Q: What has been the reaction to the book from those in your corporate circle?
TO: People really appreciate what Homeboy Industries stands for and how they help people. I try to make them understand that you can do this too. Even in some small ways, corporate people can do it. I also get a kick out of it when the homies stop by and say something nice about the book. That’s the audience I want to represent well.
Do your business friends think your plan might work, or do they politely dismiss it?
Look, I’m still a committed capitalist. I believe that companies are good for our society. But if you want to change poverty in America, provide good jobs. How are good jobs provided? You create more companies that actually give jobs to people who don’t have a job, and you teach them and you give them a different support structure around them.
Companies can do all of that. It just takes the desire to do something different and move from the top level down. Hopefully, we are at a turning point in our business society where they are recognizing this concept of DEI (Diversity, Equity, and Inclusion), which Homeboy has been at the forefront of for over 30 years. How do you get poor people of color to be upwardly mobile in your job? You put a support group around them in their frontline work and make sure your management team looks like your frontline employees.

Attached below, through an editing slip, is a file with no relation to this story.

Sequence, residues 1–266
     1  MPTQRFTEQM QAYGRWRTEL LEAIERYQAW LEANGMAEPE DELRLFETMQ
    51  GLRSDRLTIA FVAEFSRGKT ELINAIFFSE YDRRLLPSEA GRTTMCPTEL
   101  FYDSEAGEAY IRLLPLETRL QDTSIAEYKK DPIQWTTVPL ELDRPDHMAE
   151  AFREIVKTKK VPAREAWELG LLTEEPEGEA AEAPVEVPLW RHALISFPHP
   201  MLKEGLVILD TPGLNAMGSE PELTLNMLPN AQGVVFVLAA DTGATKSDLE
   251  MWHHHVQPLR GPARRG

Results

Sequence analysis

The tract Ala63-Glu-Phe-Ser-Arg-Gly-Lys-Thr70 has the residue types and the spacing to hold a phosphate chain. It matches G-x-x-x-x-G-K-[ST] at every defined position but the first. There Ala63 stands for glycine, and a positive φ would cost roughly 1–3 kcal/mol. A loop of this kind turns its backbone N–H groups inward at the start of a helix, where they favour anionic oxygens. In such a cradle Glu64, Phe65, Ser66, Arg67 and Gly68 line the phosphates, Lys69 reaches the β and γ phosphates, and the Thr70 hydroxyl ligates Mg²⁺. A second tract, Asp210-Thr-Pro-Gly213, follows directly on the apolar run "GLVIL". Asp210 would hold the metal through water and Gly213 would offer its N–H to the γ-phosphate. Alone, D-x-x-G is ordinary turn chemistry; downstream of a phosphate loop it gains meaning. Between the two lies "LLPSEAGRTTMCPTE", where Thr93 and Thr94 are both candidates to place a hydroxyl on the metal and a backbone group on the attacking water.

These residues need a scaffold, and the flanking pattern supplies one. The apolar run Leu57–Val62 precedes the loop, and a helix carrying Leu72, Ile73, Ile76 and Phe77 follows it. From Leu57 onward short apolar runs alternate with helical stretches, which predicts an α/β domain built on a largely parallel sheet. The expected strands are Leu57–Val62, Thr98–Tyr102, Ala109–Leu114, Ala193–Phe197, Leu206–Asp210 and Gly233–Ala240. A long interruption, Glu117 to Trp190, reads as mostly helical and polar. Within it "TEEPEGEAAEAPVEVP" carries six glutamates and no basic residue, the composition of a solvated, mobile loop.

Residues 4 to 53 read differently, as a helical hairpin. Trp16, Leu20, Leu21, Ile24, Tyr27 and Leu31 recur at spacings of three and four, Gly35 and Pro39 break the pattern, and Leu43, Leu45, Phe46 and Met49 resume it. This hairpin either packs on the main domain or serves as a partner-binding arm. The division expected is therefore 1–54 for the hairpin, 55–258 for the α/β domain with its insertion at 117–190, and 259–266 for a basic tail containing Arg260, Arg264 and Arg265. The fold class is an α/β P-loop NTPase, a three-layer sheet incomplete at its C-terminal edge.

I think companies want to realize that. There are very few examples of how to solve it, and that’s what I’m trying to say in this book: here’s a recipe on how to do it.
His statement in a chapter titled “Meritocracy Doesn’t Always Work,” calls the pursuit of the American dream problematic, as meritocracy provides “false incentives and non-existent supports. The Way Forward pursues Homeboy’s vision: to offer love, encouragement and support that will make a lasting difference in our society.” What convinces you that this may have some traction in corporate America?
I want to answer that in a couple of different ways. To be simplistic first, our Homegirl Café is a Zagat rated café – only seven other restaurants in downtown Los Angeles have such a high rating. And it’s run by former criminal gang members. Thus, it shows that you can run a successful business with this population.
But in our capitalist society, we get into this aspect of measuring people and their performance. You can’t measure someone’s self-esteem. To help people who are unemployed become employable, you need to figure out what else is in their life that allows them to have the resilience to be in that job. Fundamentally, everyone wants to do a good job. And when they are not, there is something else in your life that is causing that. It’s that awareness of those frontline employees of what’s going on in their lives. If we can bring more services around that, they will work on the corporate scales.